To the Word

Reflections on the call to live by the Word of God

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Saturday, September 23, 2006

Remaining As We Are

1 Corinthians 7:12-24
Preached Sunday morning, September 17, 2006
Lexington Church of Christ, Milton Stanley

In our study of 1 Corinthians, we are in what might be called a practical section of the Apostle Paul’s letter to the Corinthian Christians. Paul is addressing specific problems in the church, and then, as now, many of those problems had to do with human sexuality. As we’ve seen, there appears to have been two factions with conflicting but equally wrong ideas about sexual practice: one group approved of prostitution and fornication while another taught that all sexual activity is bad. This week’s passage is part of a larger section where Paul says no to both factions. Sex is good, Paul tells them, within proper bounds—the bounds of marriage as established by God. This week we will see how the Apostle expands his explanation a little. He begins with practical questions but ends with a profound truth.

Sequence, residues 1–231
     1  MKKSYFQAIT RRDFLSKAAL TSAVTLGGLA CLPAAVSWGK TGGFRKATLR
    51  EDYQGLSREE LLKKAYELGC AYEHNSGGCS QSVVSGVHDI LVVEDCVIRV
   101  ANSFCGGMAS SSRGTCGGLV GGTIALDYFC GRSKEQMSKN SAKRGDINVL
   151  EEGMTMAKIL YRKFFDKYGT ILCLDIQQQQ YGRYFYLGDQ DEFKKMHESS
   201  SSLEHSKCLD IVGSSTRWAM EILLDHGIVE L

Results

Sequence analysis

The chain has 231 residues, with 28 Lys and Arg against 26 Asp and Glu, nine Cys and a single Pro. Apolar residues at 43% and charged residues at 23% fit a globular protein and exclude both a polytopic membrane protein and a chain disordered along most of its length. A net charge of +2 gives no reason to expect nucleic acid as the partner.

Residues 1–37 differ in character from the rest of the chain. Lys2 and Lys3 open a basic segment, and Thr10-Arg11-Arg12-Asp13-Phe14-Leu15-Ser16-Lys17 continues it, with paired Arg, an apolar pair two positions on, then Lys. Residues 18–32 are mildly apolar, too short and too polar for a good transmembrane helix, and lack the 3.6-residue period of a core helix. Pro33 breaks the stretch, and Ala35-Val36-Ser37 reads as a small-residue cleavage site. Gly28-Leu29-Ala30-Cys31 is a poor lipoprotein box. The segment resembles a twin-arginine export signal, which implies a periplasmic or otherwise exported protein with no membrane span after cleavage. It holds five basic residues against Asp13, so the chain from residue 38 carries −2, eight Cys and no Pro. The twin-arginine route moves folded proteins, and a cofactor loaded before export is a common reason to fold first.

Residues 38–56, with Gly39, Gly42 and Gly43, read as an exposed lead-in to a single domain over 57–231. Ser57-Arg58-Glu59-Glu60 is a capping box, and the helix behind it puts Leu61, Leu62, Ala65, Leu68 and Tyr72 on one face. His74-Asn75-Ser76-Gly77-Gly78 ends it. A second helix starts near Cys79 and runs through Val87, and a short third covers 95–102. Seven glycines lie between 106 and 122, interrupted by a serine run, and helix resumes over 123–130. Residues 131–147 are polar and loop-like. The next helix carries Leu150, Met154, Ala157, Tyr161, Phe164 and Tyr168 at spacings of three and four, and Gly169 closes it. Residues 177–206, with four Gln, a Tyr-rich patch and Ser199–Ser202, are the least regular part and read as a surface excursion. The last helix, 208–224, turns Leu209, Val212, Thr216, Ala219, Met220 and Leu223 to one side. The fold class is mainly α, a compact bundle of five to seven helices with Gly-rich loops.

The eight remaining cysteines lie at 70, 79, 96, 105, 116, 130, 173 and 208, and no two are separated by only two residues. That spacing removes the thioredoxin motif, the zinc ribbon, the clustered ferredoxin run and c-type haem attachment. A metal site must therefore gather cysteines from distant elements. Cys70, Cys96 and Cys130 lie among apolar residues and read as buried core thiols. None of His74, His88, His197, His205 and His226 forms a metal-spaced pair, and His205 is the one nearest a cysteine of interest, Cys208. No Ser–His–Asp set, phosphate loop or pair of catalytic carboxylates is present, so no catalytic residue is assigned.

Last week, in our study of 1 Cor. 7:1-11, we saw how God has created marriage. His plan goes back to his instructions in Genesis 2:24 in which God establishes marriage as one man, one woman, one lifetime. When people really believe that image, that God intends for men and women to marry only once, and for life, we begin to take our marriages more seriously. We also discussed—although Paul does not deal explicitly with the subject in 1 Cor. 7—that the marriage of a Christian man and woman is an image of Christ and the church. In this week’s passage the Apostle reminds us of wider implications in a specific circumstance: what if a Christian is married to a non-believer? Should that Christian remain married? The answer Paul gives is a simple one: don’t try to change your station in life.